Social (Ir)Responsibility

Social (Ir) ResponsibilityThere has been a sea change when it has come to business funding – crowdfunding. The concept of micro investing has been around for a while, but the general public now has the ability to “invest” in a new concept or idea with no barriers – they just enter their credit card info – and BAM! they are an investor.

But it isn’t true investing. You don’t really get a return on your investment. You get the promise of a prototype – if the product ever gets made – or a nifty t-shirt and bragging rights. I don’t know about you, but I think I have a better return on keeping my $10 in my savings account (at .75% interest).

But this is how companies are founded, and I think great ideas do have merit and should have the ability to thrive. If you have a great idea, then you should have the ability to ask for money (in whatever capacity) and thrive. I am a capitalist in that regard.

But there is another offshoot of the crowdfunding game that just utterly annoys me. There has been a rise in the market of personal-gain crowdfunding. I have seen several laughable requests – please buy me a treadmill (I decided I need to lose 20 lbs), please help with my “educational” vacation to Bali, etc.

But the hands-down most annoying is the new face of crowdfunding – tuition. I know there is a large percentage of the population where college is not a given. It is expensive and shows the large gap in our classes. Middle class is starting to become less able to afford what was once a certainty.

Understanding that college is not a given, this still speaks to a rise in what I call the “hand-out culture.” The rise of millennials and the expectation that you are entitled to everything and anything starts to seep into what could be a great vehicle for charitable donation and social responsibility.

But the problem becomes that social responsibility is now society being responsible for your wants and needs.

I am a millennial. I was born at the very beginning of the millennial generation, and I do see some qualities that embody millennials. I am totally into instant gratification. If I call you, I want you to call me back – same day. I want immediate responses to emails and reports done before deadlines. It borders on OCD.

But the last time I asked for a handout, I was in college, and it was from one of my parents. My parents have since both asked me for some type of handout. I was a victim of having baby boomer parents, and that is a whole other Oprah.

But tuition. As touchy a subject that it is, I don’t understand asking friends, strangers, and social media connections for help paying for college.

I went to school on financial aid. The joke in my house was that my college savings went to the attorneys in the divorce. I had about 80% of my financial aid in free money – between scholarships and income grants. If I hadn’t have gotten such a great aid package, I would have picked another (probably cheaper) school. I don’t even think I picked the best rated school when I made my decision.

I worked three jobs at a time in college, and went to a pricey private school. I walked out with about $20,000 in loans, and he did the same. I knew I was going to college and worked hard to keep my grades up in high school. I also worked during high school – for my family and at a horrible waitressing job.  Basically, I busted my butt and planned well in advance.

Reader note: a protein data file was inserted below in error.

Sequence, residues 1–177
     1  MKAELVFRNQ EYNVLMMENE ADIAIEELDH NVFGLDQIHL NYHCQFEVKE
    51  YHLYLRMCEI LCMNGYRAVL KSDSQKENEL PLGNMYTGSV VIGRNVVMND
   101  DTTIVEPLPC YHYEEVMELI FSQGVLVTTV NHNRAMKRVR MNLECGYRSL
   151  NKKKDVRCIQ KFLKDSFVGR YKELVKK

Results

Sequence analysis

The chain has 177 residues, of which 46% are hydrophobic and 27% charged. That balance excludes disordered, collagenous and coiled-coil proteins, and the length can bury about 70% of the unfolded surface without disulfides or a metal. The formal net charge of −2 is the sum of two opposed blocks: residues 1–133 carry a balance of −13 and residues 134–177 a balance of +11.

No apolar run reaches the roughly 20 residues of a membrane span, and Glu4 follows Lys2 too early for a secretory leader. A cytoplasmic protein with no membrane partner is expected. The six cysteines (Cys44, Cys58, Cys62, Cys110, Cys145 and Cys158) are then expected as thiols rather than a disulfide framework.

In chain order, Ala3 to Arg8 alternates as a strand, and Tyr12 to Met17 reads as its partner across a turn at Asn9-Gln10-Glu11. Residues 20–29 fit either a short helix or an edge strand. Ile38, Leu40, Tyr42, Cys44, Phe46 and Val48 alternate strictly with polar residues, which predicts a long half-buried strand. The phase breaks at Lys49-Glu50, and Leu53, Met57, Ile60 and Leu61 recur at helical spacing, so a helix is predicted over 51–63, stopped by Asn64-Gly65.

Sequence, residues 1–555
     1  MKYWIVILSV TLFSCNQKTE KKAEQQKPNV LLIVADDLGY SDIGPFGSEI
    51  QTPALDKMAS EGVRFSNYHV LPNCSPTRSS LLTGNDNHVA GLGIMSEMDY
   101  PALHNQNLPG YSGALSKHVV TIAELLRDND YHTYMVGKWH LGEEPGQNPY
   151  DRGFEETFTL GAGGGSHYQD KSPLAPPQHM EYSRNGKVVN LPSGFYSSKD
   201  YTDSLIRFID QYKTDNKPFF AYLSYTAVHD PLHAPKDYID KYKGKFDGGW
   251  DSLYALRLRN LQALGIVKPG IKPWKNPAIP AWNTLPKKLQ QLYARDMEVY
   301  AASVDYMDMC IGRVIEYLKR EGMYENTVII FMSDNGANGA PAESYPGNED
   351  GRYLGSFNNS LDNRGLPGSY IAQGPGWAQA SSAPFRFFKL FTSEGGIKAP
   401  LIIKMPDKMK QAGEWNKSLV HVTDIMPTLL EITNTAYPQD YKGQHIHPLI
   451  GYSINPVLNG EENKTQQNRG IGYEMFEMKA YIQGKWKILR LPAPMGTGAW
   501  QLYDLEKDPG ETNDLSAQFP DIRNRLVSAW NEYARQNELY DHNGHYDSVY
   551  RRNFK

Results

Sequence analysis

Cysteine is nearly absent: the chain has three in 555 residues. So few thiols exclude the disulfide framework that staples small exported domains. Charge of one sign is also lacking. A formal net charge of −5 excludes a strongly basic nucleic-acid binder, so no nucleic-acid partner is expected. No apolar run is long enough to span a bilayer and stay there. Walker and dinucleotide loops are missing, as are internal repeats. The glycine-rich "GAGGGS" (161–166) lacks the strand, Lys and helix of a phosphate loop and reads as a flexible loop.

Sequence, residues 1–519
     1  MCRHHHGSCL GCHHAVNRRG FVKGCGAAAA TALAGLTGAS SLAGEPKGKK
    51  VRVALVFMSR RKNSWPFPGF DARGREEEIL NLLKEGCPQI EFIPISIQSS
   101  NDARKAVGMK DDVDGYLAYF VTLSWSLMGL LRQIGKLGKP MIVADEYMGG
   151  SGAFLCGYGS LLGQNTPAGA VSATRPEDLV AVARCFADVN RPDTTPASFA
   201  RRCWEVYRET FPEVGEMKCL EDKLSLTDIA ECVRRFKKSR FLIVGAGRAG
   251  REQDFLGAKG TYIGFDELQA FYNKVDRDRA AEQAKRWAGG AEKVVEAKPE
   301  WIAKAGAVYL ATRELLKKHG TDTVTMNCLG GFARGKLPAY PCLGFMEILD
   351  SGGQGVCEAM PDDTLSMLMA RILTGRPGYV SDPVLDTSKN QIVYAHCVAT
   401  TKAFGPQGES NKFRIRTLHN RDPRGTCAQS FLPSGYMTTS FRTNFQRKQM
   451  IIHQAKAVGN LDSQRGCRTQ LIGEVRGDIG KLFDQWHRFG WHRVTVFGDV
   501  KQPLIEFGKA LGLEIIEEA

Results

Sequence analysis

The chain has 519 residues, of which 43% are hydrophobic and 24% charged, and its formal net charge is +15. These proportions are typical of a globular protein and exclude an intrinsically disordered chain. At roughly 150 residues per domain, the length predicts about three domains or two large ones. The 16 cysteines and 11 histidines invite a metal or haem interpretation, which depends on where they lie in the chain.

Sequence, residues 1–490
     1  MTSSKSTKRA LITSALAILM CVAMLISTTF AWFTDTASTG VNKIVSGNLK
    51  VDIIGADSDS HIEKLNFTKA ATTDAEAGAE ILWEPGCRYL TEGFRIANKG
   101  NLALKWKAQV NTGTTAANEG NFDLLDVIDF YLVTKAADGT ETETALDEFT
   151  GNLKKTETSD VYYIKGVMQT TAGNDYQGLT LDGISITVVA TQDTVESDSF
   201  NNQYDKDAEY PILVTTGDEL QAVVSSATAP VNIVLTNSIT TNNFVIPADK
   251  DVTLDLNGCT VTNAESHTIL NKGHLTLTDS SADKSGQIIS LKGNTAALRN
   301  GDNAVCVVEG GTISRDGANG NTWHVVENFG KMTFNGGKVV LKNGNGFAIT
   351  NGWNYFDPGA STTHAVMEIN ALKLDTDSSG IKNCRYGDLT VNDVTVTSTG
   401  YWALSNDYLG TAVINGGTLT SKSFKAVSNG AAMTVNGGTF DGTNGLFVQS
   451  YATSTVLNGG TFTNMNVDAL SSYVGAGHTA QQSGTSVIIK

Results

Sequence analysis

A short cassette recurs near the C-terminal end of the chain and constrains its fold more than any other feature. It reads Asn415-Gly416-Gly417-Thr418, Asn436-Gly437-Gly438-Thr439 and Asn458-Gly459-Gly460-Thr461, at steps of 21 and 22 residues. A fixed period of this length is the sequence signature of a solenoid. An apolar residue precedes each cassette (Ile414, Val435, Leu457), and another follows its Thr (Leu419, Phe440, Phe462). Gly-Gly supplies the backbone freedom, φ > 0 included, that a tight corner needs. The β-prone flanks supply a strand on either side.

I don’t understand the kids that decide at the 11th hour right before they graduate that they want to go to college. They also want YOU to pay for it.

How do I know they waited till the last minute? Easy. They have no money for college. Their parents can’t pay for it for whatever reason, and they had no plans in place. If you plan ahead, then you will be worrying about your grades (or athletics, or whatever) so that the “free money” from the schools starts to roll in. You are also filling out your FAFSA (Federal Application for Free Student Aid –free money! From the government!) well in advance. If that isn’t enough – you are applying for scholarships (hey, I am 1/18th Native American!).

In short, I knew there was no option but to go to college. Yes, I got a handout – from the government. Because I did what I was supposed to do. The burden was not on my friends and family to come up with the money. I didn’t ask (bully) my 50,000 twitter followers to pay for my books and lodging. And frankly, any extra money I needed, I worked for.

My husband and I have already started working on saving for our college savings for our kids. A little late, since we have a 4 year old, but it is now an active savings goal. Our social responsibility is to provide for our children with the means that we have. We also will be kicking them in the pants to have a work ethic and make sure they are getting the best deals for college.

Because there is an entire crop of entitled kids ruling our world today, I think it is important that as parents, we put the responsibility back in our own court. If you don’t have the money to save for college, know your options. Research all of the opportunities for schooling, grants and free money. Be frank with your children and let them know that they need to contribute. Make them aware of the loan process and keeping costs in mind when picking a school.

Basically, teach them responsibility.







More Servings of the Halfway Homemaker

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